More and more doctors are learning about nutritional and environmental medicine. If you speak to one they’ll often tell you that addressing underlying factors rather than using hormone replacement therapy (synthetic or bio-identical) achieves better results with fewer side effects, sustained symptom relief and overall improved health. Naturopaths are happy to see our colleagues starting to appreciate the benefits of the therapies we’ve been using for decades – dietary and lifestyle modifications, supplementation and herbal medicine where applicable, while addressing the whole person and not just one system or organ.
For many women and men, hormonal imbalances are a real hazard to their health and fertility. To name just a few; diabetes, hypo/hyper thyroidism, PCOS, luteal phase defect, endometriosis and benign prostatic hypertrophy can be successfully managed with natural medicine. For many women low progesterone or excessive estrogen pose a real barrier to a healthy pregnancy, while for men testosterone imbalance can disrupt healthy sperm generation.
Let’s have a look how hormones are made at the cellular level, to help you understand how diet and lifestyle tie into hormone production
For production of steroidal hormones the body needs:
– Vitamin C
– B group vitamins (esp. B6 and B3)
That’s a long list of some pretty important nutrients. Most people are zinc and selenium deficient. Zinc requires an acidic environment for optimal absorption and competes with many nutrients. Selenium is simply not present in the abundant amounts it used to be due to soil depletion. Selenium is a crucial antioxidant important for cancer prevention. Constant stress, frequent colds and flu, alcohol, smoking and coffee will deplete vitamin C, magnesium and vitamin B stores. Iodine is abundant in seafood and sea weed and sea salt. However many people don’t eat seafood and fish much anymore, and most tend to use salt sparingly. As you can see it’s very easy to develop a hormone imbalance just from a nutrient deficiency resulting from poor diet, unhealthy lifestyle choices, inability to digest and absorb nutrients (due to gut inflammation from food intolerances and allergies).
Here we didn’t even look at further factors such as toxins from the environment, commercial cleaning solutions and personal care products, radiation from frequent flying, laptops, TV, mobile phones etc…
Sex hormone binding globulins (SHBG) are required for production of estrogen and testosterone. Studies have found that SHBG levels are influenced by insulin resistance (diabetes) and thyroid hormone imbalance (hypothyroidism).
Gut and Liver Function and Excess Estrogen
Our liver not only makes hormones but also breaks them down and is in charge of getting them into a state in which they can be excreted from the body. However if we don’t have enough friendly bacteria in our gut (probiotics: acidophilus, bifidus, bulgaricus etc…) than the not so friendly bacteria will take over – this is called Dysbiosis . Flatulence, diarrhea and constipation are just some of the symptoms of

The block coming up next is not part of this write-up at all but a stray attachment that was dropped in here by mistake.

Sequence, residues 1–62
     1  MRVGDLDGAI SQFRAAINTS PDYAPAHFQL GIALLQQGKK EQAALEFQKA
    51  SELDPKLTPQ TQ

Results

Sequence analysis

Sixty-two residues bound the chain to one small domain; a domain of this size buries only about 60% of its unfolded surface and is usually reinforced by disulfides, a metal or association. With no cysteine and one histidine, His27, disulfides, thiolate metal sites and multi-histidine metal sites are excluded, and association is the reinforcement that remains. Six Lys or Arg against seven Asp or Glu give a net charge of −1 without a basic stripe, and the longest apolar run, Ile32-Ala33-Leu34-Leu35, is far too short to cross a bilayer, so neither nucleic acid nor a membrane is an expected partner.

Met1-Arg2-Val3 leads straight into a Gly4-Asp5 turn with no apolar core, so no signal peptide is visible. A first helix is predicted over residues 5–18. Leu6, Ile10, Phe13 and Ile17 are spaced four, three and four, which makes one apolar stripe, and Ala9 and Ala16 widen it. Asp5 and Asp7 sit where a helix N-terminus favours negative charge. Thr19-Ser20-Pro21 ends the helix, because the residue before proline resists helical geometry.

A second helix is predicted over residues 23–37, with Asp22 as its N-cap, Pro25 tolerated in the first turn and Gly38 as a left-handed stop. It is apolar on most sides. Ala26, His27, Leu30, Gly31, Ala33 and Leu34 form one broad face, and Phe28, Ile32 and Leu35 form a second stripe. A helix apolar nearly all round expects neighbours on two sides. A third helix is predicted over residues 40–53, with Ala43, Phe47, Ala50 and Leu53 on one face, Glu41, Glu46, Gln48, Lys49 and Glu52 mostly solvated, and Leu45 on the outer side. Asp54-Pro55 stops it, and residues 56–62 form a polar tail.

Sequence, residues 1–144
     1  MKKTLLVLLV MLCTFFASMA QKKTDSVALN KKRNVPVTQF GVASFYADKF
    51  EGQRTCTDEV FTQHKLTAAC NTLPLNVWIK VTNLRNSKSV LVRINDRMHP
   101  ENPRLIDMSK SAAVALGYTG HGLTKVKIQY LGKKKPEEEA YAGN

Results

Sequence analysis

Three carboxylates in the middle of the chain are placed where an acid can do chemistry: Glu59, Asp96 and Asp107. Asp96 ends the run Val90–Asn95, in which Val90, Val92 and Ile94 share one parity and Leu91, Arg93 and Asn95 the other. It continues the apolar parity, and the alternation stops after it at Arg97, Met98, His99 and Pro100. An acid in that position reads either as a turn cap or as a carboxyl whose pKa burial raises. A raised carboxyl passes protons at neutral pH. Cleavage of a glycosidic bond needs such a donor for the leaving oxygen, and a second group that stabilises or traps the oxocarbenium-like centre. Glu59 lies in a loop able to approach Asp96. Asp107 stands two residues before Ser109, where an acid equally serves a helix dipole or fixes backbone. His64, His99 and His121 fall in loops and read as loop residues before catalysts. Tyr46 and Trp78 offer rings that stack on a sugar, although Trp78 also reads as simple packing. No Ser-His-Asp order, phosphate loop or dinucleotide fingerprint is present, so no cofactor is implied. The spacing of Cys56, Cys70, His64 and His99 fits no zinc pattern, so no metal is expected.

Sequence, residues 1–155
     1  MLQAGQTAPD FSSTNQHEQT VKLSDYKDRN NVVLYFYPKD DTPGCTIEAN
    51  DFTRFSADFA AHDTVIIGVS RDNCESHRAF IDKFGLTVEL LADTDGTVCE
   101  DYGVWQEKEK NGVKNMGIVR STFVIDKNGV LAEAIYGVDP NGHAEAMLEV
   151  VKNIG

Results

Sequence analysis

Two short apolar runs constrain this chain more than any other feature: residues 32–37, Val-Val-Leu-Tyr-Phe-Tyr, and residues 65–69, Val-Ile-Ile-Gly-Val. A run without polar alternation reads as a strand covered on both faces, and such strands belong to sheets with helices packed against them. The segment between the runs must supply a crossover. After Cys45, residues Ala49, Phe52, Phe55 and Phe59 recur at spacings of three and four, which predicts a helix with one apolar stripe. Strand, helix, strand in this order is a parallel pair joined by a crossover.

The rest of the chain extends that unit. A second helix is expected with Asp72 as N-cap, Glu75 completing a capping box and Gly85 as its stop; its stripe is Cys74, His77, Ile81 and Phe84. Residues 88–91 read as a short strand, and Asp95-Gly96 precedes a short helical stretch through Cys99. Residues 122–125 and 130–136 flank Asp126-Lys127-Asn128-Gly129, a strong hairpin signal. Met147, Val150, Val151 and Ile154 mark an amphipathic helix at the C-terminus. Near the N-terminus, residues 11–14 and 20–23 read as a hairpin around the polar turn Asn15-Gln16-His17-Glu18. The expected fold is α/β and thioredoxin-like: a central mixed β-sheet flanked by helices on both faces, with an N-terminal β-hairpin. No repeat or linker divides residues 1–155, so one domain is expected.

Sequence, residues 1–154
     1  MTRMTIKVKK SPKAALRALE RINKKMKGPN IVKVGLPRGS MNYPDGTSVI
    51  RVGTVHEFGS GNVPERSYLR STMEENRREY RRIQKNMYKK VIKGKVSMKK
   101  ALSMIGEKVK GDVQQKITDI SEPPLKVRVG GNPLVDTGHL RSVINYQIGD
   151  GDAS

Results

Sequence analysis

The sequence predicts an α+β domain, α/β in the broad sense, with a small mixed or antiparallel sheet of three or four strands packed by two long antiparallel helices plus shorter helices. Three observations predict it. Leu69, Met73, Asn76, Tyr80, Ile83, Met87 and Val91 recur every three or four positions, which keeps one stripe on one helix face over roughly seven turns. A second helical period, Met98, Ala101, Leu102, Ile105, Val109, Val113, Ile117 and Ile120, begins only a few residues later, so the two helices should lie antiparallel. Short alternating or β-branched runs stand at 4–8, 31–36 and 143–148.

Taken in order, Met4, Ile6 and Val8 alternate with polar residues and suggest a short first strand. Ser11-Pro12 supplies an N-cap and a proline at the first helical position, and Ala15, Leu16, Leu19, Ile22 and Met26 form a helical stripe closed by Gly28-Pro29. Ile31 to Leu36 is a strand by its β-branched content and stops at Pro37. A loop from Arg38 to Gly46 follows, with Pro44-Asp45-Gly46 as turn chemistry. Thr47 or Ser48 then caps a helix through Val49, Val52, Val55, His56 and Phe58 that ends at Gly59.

The liver uses two steps to detoxify and clear toxins and excess hormones from the body. They are: Phase I and Phase II. Not to bore you with technical terminology, I’ll explain the function of each phase in very simple terms. Phase I converts toxins and hormones into very toxic substances and Phase II makes these substances water soluble so that they can be excreted with urine.
Many drugs interfere with either of the two phases of detoxification. Vegetables which have been shown to promote estrogen clearance and Phase one liver detoxification, are cruciferous vegetables such as; broccoli, Brussel sprouts and cabbage. For Phase two among other things, the liver needs lots of folic acid and B12.
Pesticides and some plastics in our body will mimic estrogen and dock on the same receptor sites, reserved for the real oestrogen. This is another way in which excess estrogen accumulates in the body resulting in fibrocystic breast disease, PMS, benign prostatic hypertrophy, menstrual migraines and endometriosis.
Excessive stress combined with ovarian decline results in poor luteal phase function and progesterone deficiency. High doses of vitamins B, C and magnesium are useful for adrenal function to help your body cope with stress better.
Diets high in saturated fats and low in beneficial omega 3 and 6 result in excessive production of pro-inflammatory hormones and not enough anti-inflammatory hormones. This can result in period cramps and predisposes the body to inflammatory conditions.
In conclusion: as you can see, your diet and lifestyle are of utmost importance. And it’s impossible to isolate just one system when treating hormonal imbalances as so many organs from different body systems are involved in ‘hormone management’. What you put in your mouth will be broken down into individual units and used by the body for creation of hormones and cells. If what you eat is unhealthy, processed, full of chemicals, artificial sweeteners, saturated fat, pesticides and herbicides you shouldn’t be surprised if you have sub optimal health and hormonal imbalances. Harsh but true. You are what you eat, so make wise choices, you health is in your hands. Make healthy choices based on common sense and do your own research. My recommendation to all my clients – eat as fresh as possible, organic where possible, in small amounts every three hours.
© 2009 Iva Keene and Natural Fertility Prescription